Italy cracks down on short-sellers

ITALY’S stock market regulator Consob yesterday rushed through tough new rules on short-selling after Friday’s wave of panic selling of bank shares unsettled markets and sparked fears of contagion.

In a desperate bid to prevent the Eurozone sovereign debt crisis from engulfing Italy, Consob ruled that from today until 9 September market operators will have to disclose short-selling moves involving Italian positions that amount to 0.2 per cent or more of the company’s capital, as well as variations of 0.1 per cent.

The clampdown comes as Europe’s leading power brokers meet in Brussels today to discuss a second rescue package for Greece and how to stop the debt crisis spreading to other Eurozone countries such as Italy.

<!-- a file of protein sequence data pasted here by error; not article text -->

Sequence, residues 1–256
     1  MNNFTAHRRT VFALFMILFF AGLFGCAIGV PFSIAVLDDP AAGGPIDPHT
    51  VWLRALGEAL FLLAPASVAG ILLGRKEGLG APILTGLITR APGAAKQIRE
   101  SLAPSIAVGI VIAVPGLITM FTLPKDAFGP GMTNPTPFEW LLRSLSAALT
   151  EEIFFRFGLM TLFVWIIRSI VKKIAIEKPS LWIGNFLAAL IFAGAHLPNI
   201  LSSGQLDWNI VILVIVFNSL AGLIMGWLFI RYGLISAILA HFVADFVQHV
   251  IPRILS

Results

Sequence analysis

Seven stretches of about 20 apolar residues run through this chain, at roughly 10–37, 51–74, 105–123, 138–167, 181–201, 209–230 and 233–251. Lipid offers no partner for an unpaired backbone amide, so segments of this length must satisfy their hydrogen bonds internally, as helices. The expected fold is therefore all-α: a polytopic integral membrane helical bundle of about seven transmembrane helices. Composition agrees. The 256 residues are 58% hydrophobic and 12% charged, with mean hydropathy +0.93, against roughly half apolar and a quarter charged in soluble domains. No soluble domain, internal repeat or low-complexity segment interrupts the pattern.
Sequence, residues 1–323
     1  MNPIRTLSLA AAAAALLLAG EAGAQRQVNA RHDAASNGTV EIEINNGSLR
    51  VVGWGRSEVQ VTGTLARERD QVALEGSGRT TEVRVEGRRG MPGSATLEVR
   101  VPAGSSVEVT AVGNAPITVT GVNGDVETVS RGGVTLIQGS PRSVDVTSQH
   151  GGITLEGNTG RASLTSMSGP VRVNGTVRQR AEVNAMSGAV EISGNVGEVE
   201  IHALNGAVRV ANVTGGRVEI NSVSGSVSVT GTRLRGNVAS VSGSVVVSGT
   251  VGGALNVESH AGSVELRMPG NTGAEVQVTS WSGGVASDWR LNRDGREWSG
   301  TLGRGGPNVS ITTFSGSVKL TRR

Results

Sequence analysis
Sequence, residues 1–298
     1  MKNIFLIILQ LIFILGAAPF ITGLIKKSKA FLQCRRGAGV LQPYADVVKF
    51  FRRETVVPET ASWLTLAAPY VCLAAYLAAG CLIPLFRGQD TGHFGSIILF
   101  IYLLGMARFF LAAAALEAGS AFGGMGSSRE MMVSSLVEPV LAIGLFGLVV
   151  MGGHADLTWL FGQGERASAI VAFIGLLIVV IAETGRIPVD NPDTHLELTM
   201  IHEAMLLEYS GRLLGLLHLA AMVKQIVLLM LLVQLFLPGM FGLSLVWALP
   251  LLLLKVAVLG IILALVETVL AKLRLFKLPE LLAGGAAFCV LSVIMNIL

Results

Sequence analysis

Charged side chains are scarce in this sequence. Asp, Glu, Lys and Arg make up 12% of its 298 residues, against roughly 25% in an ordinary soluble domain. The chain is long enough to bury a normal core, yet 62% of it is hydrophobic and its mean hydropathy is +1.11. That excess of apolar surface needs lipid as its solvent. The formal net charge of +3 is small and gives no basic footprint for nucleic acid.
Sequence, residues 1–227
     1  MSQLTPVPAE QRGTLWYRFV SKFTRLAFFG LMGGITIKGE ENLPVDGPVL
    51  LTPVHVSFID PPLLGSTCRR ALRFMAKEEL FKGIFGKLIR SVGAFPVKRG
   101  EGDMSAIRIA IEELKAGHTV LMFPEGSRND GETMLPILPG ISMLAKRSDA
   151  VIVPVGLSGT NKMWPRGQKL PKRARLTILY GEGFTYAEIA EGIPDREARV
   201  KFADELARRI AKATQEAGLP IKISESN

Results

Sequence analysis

There were reports last night that the EU stance on Greece was shifting, to include the possibility that Athens should default on some of its bonds as part of a new bailout plan. European leaders have until now been reluctant to authorise any form of default for fear it could contaminate bond sales across the Eurozone.

Shares in the blue-chip Italian stock index, the FTSE Mib, closed 3.5 per cent down on Friday as fears of Eurozone contagion undercut investor confidence, especially in the banking sector. The sellout pushed the euro lower and the yield spread between Italy and Germany’s 10-year debt reached a lifetime high of 2.45 per cent.

The sell-off was sparked by the news that Italy’s finance minister Giulio Tremonti was caught up in a corruption scandal involving one of his closest advisers. There were also reports that US hedge funds are shorting Italian sovereign debt, perhaps to destabilise the country’s situation.

Italy has one of the highest debt levels in the world, at about 120 per cent of gross domestic product.

Mario Draghi – the head of the Bank of Italy and future president of the European Central Bank (BCE) – sought to reassure investors, saying he was “certain” Italy’s banks would this week pass European stress tests.